Kansas' Joel Embiid not your typical big man prospect
Breaking down what Embiid does well in the post offensively.
The Total Package: The first few times I watched Joel Embiid out of Kansas, I thought he was a prototypical project center. He looked raw, out of sync, the kind of guy you draft based on what he could be and his freakish athleticism.
That... wasn't quite accurate.
Looking at Embiid now two months into the season is seeing an entirely different player and a center that threatens to crack the Holy Trinity of Julius Randle, Jabari Parker, and Andrew Wiggins at the top of this stacked draft. Don't get it twisted, Embiid does have the physical tools that make him an amazingly tantalizing prospect. Seven feet tall with a 7'5'' wingspan, Embiid only started playing basketball three years ago.
In July of 2011—the summer before his junior year of high school—Embiid attended a camp hosted by Cameroon native Luc Richard Mbah a Moute, a former UCLA standout who's now with the NBA's Minnesota Timberwolves.
Embiid had dabbled in basketball as a child, often engaging in pick-up games with friends from school or at a local park. But he said he'd never played on a team or been coached, and with little media coverage, Embiid rarely watched basketball on television.
Those things apparently didn't concern Mbah a Moute as he watched Embiid—who was 6'9" at the time—during the camp. The footwork and distance runner's stride he had developed on the soccer field, the aggression he had used spiking volleyballs, the discipline and selflessness instilled in Embiid by his parents...all of it was on display that weekend.
There have been so many big men prospects that never pan out through the years. Seven footers who hadn't played the game long but were recruited and shot up the draft boards on account of being tall and long. But like most of the prospects in this loaded draft, Embiid takes the model and goes one step further.
In the NBA game, play style has moved beyond back-to-the-basket. Being able to spread the floor is important for any big man to be a central component of the offense and not just a player you hide for cleanup purposes. But Embiid has shown that faceup ability in recent weeks.
But like any good big man propect, Embiid really shines in the post. For starters, that hook shot ain't bad.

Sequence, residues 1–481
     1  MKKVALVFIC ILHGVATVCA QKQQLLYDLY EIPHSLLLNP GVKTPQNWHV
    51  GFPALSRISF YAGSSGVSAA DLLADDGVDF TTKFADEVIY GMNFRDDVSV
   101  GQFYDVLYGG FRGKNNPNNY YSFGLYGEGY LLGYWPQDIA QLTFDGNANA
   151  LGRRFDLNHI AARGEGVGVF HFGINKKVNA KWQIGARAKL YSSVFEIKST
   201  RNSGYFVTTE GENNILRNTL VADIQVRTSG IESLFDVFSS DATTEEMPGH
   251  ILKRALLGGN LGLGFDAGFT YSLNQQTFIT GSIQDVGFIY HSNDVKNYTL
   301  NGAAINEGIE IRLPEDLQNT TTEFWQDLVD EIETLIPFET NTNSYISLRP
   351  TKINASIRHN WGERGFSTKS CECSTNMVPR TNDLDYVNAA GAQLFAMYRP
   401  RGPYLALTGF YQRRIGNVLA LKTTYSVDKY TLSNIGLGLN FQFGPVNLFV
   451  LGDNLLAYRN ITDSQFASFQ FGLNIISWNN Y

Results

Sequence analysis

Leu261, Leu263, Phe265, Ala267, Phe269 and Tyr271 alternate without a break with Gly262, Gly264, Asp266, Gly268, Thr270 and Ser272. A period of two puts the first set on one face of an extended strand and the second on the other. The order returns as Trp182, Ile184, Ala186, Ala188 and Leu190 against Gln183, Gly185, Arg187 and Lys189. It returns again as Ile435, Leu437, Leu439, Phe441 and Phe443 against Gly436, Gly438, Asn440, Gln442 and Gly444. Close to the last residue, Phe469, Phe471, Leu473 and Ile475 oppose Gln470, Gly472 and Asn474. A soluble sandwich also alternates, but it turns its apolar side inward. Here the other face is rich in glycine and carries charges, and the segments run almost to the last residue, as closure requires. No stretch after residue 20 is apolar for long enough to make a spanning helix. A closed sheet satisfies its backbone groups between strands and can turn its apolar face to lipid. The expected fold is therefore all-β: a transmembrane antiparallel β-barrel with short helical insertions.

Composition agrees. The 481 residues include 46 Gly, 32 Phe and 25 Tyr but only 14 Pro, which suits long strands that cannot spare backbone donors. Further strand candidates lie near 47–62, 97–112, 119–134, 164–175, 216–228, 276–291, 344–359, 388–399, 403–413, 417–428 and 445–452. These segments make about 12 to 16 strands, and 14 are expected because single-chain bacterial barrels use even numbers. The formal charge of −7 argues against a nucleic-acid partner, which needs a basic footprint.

He's only 3-of-7 this year on hooks via Synergy Sports, but there's enough there to like where it's going. Take a look at his footwork on this semi-hook turnaround, even on a miss.
The decisiveness when he gets the ball is a big deal, here. He's able to read the defense and decide what he wants to do with it, but he's also not just going through the motions of his footwork, he's able to improvise, moving back under his pivot. Dwight Howard still struggles with that kind of improvisation. (Howard is also of course much stronger and bulkier than Embiid, but give the Jayhawk time.)
Maybe the most impressive thing about Embiid offensively, however, is his willingness and ability to work to find the gaps to score vs. defenders. He's comfortable going to the reverse, which is pretty rare for a guy that size.
See how he recognizes the double, fakes the pass-out and then immediately spins to the baseline? Now, at the NBA level he's going to find another defender waiting on him at that point most times, but the recogniton and ability to side-step that baseline is impressive.
There are a lot of strong seven foot prospects. Even ones that can get their shot off through contact. But finishing through it is a much harder proposition. Even when the pass is bad, he's able to find a way to correct his shot.
He's comfortable rotating to face the basket and finishing through. Here the defender's just fouling to prevent him from shooting and instead Embiid winds up with an and-one.
Embiid struggles more when on the move, but you had better have help defenders in the middle when he posts, because if he gets to the paint unimpeded, you're in trouble.
Finally, Embiid's shown excellent patience for a guy as new to the game and raw as he is. Being willing to trust in the re-post is a lost art in the NBA. Watch Embiid test the double, kick it out, then maintain position and when he gets it, victimize the defense when he recognizes where the space is.
Embiid still has a lot to learn. Defensively he's a difference maker with his length, but there's so much more that goes into being a good NBA defender than that. He needs to work on his pass to the corners and ball-reversal from the post, and he's not asked to operate in the pick and roll hardly at all at Kansas. That's likely to change dramatically at the NBA level and the spacing for that common set is harder to learn that most expect.
But you watch Embiid and you recognize that this isn't Hasheem Thabeet. He's not coasting based on his athleticism and height. He's a gifted, graceful scorer who projects to be the focus of an offense on the right team if drafted. As good as the Holy Trinity is, whoever winds up with Embiid in next June's draft will have a good case for saying they may have found a steal, even in the top five.
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